Hash tables, also known as dictionaries in Swift, are a fundamental data structure in computer science. They offer fast access, addition, and deletion of elements using keys, making them an indispensable tool for developing efficient algorithms. This blog post will explore the hash table pattern, demonstrating how to leverage it in Swift to solve common programming challenges effectively.

# What is a Hash Table?

A hash table is a data structure that stores key-value pairs. It uses a hash function to compute an index into an array of buckets or slots, from which the desired value can be found.

In Swift, the `Dictionary`

type implements a hash table, providing average-case constant time complexity (`O(1)`

) for accesses, insertions, and deletions, assuming the hash function is good and collisions are minimal.

# Why Use Hash Tables?

Hash tables are incredibly versatile and useful for several types of problems:

**Tracking item frequency**: Easily count occurrences of elements.**Unique item storage**: Quickly check for the existence of items.**Two-sum type problems**: Solve problems that involve pairing elements to meet certain criteria.**Caching results**: Implement memoization to optimize performance in recursive calls.

# Swift Examples Using Hash Tables

## Example 1: Counting Frequencies

Suppose you want to count the frequency of elements in an array. Here’s how you can do it using a `Dictionary`

:

```
func countFrequencies(of array: [Int]) -> [Int: Int] {
var frequencyDict = [Int: Int]()
for num in array {
frequencyDict[num, default: 0] += 1
}
return frequencyDict
}
let numbers = [1, 2, 2, 3, 3, 3]
let frequencies = countFrequencies(of: numbers)
print(frequencies) // Output: [3: 3, 2: 2, 1: 1]
```

#### Example 2: Checking for Duplicates

Here’s how you might use a hash table to check if there are any duplicates in an array:

```
func containsDuplicate(_ array: [Int]) -> Bool {
var occurenceDict = [Int: Bool]()
for num in array {
if occurenceDict[num] == true {
return true
}
occurenceDict[num] = true
}
return false
}
let values = [1, 2, 3, 4, 5, 1]
print(containsDuplicate(values)) // Output: true
let values2 = [1, 2, 3, 4, 5]
print(containsDuplicate(values2)) // Output: false
```

#### Example 3: Two-Sum Problem

The two-sum problem asks if there are two numbers in an array that add up to a specific target. Here’s a Swift solution using a hash table:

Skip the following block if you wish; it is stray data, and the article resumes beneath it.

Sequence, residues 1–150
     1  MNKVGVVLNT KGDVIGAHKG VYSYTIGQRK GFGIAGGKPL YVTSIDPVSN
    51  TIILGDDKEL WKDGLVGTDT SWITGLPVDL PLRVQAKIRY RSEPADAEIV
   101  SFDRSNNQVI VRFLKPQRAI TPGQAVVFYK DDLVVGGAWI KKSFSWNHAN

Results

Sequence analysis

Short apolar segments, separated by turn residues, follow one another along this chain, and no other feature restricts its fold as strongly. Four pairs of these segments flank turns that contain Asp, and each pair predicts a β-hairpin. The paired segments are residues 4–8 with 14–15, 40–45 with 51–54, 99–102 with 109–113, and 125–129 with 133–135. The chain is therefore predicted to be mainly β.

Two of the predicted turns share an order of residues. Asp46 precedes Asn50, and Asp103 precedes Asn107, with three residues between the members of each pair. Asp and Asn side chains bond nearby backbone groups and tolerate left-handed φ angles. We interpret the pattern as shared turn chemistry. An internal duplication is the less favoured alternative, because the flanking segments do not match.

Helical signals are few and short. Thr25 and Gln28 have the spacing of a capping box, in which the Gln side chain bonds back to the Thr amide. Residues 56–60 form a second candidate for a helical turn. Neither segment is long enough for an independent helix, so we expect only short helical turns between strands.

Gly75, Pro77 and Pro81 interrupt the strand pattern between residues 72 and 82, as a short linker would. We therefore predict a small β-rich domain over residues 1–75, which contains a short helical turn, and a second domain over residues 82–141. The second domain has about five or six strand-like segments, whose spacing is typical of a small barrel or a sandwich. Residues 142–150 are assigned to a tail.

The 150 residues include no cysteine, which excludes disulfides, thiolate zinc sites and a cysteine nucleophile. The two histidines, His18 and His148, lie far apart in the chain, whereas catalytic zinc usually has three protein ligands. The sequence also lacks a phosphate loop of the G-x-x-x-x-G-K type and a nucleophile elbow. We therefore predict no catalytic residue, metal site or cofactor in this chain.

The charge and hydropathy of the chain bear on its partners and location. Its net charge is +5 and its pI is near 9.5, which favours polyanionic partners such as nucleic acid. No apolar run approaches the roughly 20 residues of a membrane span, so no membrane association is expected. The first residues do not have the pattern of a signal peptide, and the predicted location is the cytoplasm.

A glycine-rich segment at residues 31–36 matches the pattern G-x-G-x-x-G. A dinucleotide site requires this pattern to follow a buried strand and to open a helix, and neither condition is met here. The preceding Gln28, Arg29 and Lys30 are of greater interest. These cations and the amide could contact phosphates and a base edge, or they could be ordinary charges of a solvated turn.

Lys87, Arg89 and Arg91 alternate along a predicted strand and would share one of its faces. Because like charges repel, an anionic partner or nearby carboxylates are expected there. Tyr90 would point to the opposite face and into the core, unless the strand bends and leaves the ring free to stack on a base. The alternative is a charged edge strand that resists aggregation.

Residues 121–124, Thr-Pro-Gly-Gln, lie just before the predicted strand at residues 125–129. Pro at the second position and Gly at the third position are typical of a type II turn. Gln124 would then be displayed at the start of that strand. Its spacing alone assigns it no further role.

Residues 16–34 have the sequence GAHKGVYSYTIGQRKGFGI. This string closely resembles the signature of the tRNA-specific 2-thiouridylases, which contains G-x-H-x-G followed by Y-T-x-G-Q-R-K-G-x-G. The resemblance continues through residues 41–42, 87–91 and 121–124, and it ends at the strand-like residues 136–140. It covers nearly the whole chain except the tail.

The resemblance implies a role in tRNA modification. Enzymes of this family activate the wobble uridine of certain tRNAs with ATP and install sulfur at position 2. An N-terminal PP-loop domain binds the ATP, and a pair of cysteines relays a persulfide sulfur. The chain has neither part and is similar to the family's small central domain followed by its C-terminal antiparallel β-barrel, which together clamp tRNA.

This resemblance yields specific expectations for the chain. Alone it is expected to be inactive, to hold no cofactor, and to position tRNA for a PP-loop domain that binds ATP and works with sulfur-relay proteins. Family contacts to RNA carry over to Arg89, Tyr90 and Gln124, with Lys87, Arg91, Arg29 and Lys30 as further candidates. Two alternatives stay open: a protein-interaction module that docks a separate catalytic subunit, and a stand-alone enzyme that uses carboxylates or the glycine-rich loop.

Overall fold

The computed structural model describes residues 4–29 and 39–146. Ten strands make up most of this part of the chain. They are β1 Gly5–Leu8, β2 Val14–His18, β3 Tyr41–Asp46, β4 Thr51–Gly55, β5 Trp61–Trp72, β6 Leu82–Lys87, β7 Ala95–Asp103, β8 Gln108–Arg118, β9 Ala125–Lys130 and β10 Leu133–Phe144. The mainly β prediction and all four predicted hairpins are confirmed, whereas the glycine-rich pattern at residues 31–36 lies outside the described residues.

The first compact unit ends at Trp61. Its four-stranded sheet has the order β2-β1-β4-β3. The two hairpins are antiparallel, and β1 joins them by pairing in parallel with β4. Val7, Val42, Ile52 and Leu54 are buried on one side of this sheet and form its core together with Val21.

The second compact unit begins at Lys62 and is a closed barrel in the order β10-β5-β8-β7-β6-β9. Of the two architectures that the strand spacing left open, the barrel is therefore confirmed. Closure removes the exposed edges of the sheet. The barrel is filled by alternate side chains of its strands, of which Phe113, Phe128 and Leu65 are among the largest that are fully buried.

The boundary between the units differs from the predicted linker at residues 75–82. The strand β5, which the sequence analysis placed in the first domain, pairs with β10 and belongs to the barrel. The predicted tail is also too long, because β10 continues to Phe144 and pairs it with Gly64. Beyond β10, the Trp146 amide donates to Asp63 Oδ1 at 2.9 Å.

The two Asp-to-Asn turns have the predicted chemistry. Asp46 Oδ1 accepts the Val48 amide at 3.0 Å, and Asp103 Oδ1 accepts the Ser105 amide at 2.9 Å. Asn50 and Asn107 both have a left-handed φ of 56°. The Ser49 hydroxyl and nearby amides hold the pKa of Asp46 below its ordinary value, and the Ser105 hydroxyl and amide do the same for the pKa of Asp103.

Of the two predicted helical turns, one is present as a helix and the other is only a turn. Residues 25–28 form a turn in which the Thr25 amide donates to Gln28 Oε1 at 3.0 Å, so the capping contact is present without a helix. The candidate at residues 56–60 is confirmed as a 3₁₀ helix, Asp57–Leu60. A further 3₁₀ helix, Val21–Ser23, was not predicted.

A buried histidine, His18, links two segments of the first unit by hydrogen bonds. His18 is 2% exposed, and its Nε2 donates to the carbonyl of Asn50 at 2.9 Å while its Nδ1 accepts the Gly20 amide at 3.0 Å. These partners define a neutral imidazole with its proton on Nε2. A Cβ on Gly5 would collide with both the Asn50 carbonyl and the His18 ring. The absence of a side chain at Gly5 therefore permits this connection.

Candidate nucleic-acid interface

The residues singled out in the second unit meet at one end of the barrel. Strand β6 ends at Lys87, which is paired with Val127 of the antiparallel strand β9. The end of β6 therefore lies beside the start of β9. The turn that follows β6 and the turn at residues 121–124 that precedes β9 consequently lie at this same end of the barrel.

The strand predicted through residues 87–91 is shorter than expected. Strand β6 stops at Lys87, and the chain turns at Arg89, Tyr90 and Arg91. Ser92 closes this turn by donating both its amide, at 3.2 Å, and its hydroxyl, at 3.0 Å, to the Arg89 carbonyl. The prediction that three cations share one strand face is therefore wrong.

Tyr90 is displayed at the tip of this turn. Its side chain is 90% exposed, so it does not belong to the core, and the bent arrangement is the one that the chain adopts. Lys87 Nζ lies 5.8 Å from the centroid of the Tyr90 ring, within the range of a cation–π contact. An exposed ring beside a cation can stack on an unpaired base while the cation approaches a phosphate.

```
func twoSum(_ nums: [Int], _ target: Int) -> Bool {
var numDict = [Int: Int]()
for (index, num) in nums.enumerated() {
let complement = target - num
if let _ = numDict[complement] {
return true
}
numDict[num] = index
}
return false
}
let numbers = [2, 7, 11, 15]
let result = twoSum(numbers, 9)
print(result) // Output: true
```

# Problems:

## 13. Roman to Integer

Leetcode: 13. Roman to Integer

```
func romanToInt(_ s: String) -> Int {
let characters = Array(s) // Convert the string to array for easy iteration
var result: Int = 0
let map: [Character : Int] = [
"I": 1,
"V": 5,
"X": 10,
"L": 50,
"C": 100,
"D": 500,
"M": 1000,
]
// Iterate through the string, from left to right
for index in 0..<characters.count-1 {
// check if the current value is smaller than the next value -> Subtraction
if (map[characters[index]]! < map[characters[index+1]]!) {
result -= map[characters[index]]!
// check if the current value is larger than or equal the next value -> Addition
} else {
result += map[characters[index]]!
}
}
// Add the value of the last element
result += map[characters.last!]!
return result
}
print(romanToInt("III")) // 3
print(romanToInt("LVIII")) // 58
print(romanToInt("MCMXCIV")) // 1994
```

# Conclusion

Hash tables are a powerful tool in the Swift programmer’s arsenal, perfect for tackling a wide range of problems with optimal efficiency. By understanding and utilizing hash tables effectively, you can significantly enhance the performance and scalability of your applications. Whether you’re counting frequencies, checking for duplicates, or solving complex computational problems, the hash table pattern is incredibly useful for achieving fast and readable solutions.

Further Readings: